In the current context of the Students’ Association Elections (taking place today and tomorrow), it seems necessary to first approach the topic of student democracy, one with which many students are relatively unfamiliar. St Andrews’ Students Association was founded in 1885 and was composed of the Students’ Representative Council and the Student Activities Forum. From 1889, the Students Representative Council became the legal representative body for students at the university. Currently, the Students’ Association comprises a student-majority board and six full-time Sabbatical Officers. Elected in Semester 2, all matriculated students are eligible to run and the elections are overseen by the Elections Committee. Significantly for St Andrews, the Students’ Union is not affiliated with the NUS. Debates over NUS membership have been contentious in St Andrews, with referendums taken in 2001 and 2012. In 2001, the referendum was postponed after allegations that both sides of the debate were breaking budget rules. One article in The Independent at the time highlighted the significance of these debates, albeit largely because it gave them an excuse to talk about the impact for Prince William which as most of us know is the only news-worthy aspect of St Andrews. The 2012 referendum saw an overwhelming rejection of NUS membership as out of 2353 votes cast, 1763 voted No and only 590 voted yes. A key issue surrounding debates is the lack of student engagement or interest with formal student democracy, something indicative of the broader decline in student political culture.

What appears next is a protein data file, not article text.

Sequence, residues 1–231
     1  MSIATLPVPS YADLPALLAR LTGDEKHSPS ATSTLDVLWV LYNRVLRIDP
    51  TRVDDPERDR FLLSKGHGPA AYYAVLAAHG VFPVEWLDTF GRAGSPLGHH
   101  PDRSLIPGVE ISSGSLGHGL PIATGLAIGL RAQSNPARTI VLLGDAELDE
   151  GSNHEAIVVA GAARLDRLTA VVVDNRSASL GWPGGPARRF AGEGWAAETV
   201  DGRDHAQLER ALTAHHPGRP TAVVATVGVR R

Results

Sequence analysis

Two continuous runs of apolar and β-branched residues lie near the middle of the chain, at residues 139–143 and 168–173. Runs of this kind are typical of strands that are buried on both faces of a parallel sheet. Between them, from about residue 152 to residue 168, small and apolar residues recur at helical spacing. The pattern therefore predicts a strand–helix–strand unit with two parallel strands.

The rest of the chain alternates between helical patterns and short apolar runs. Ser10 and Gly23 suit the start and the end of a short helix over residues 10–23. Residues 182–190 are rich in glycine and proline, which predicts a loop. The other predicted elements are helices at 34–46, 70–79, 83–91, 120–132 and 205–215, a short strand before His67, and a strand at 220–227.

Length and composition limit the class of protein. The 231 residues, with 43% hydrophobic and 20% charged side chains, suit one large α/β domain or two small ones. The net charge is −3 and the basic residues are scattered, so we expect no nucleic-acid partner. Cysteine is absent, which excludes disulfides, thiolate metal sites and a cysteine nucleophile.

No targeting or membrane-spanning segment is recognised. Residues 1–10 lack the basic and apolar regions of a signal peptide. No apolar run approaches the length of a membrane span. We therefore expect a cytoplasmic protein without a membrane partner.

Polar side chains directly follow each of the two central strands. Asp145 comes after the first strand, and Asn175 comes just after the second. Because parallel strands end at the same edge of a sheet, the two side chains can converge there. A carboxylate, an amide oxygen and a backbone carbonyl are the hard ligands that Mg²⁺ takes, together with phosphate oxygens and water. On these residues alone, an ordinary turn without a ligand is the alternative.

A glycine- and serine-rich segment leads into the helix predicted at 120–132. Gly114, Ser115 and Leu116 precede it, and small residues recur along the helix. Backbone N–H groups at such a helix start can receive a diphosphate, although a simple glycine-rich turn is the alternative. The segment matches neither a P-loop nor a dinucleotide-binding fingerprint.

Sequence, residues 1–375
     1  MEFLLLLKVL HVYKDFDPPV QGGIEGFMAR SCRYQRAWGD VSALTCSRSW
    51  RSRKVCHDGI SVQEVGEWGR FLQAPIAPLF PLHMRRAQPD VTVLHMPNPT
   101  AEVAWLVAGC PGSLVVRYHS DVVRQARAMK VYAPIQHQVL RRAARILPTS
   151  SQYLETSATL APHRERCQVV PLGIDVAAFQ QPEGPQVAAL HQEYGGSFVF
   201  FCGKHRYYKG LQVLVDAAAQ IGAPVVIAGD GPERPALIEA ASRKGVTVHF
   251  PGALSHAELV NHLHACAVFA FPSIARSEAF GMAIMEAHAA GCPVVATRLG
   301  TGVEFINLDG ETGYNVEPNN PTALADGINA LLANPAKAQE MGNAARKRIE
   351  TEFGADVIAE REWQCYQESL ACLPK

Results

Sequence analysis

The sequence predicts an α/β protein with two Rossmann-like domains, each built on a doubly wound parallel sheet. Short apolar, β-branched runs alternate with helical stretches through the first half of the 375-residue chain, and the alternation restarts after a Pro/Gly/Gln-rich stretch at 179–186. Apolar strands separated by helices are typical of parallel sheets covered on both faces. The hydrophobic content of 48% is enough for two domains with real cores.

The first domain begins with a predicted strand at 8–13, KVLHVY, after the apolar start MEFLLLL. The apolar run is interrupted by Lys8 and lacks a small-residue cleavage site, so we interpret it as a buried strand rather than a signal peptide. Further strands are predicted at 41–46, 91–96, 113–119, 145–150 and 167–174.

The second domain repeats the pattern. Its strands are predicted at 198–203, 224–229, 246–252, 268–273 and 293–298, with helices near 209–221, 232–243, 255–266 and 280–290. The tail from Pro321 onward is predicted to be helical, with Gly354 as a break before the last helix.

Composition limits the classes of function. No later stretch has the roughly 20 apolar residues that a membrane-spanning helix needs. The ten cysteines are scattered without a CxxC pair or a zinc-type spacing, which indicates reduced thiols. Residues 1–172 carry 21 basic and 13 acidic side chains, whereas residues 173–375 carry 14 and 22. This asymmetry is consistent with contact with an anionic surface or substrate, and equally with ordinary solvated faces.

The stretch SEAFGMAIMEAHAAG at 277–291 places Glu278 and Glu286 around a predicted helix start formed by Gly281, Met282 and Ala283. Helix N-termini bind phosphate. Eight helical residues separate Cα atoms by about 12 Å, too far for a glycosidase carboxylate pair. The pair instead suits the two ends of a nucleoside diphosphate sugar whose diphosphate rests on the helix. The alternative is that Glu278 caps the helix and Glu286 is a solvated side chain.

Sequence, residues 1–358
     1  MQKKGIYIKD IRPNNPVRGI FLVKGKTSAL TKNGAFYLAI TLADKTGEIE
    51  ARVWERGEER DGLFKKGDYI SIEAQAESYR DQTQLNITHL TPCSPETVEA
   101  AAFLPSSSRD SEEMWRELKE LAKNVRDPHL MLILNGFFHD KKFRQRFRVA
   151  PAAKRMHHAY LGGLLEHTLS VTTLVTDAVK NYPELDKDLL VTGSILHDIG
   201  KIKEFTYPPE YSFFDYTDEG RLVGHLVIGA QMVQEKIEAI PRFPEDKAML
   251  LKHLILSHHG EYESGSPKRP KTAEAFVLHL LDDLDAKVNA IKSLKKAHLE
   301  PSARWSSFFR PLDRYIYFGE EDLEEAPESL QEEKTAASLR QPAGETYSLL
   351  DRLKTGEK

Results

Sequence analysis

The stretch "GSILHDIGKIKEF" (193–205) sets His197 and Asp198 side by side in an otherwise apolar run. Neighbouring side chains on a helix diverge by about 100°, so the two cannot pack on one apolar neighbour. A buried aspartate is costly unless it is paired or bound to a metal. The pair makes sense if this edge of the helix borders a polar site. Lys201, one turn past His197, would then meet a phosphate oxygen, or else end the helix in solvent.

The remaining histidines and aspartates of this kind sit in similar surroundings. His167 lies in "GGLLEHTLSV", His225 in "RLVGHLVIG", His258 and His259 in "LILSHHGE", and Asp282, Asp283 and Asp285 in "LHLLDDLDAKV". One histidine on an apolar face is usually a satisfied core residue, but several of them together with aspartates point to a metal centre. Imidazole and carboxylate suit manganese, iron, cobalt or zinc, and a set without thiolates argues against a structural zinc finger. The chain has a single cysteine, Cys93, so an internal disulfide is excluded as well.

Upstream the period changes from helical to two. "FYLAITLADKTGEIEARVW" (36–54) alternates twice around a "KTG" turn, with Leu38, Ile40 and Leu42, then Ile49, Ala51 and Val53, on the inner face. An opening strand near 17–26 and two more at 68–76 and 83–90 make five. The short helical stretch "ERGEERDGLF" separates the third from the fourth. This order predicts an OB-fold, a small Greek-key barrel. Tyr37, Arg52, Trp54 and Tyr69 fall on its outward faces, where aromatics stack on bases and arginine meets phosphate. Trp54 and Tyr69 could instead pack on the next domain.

In the UK, students’ unions have historically had both local and national importance, with the NUS representing 600 Higher Education institutions comprising 7 million students. Although it adopted an apolitical consensus post-WWII, this was challenged in the 1960s and 1970s, with the post-war ‘no politics’ clause being dropped to support student protests against the Vietnam War. This ushered in a new era of politicisation, with the NUS renewing its links to communism and establishing associations with liberation campaigns of the 1970s. As the first national group to promote homosexual rights, the NUS took pride in its deliberately political positions, reflecting the politicised nature of society at the time but also the significance of unions and the increasingly distinctive nature of student, or ‘campus’, culture. It was during this time that the No Platform policy was adopted which aimed to stifle speech considered to be fascist or racist. Remaining a hot topic in subsequent decades, the conflict between perceived notions of freedom of speech and hate speech make evident the history of such debates, extending long before the supposedly ‘politically correct’ culture of campuses today. However, the established connections between the NUS and political protests were severely limited after the Education Act 1994 declared the purpose of the union to be the promotion of the interests of members as students.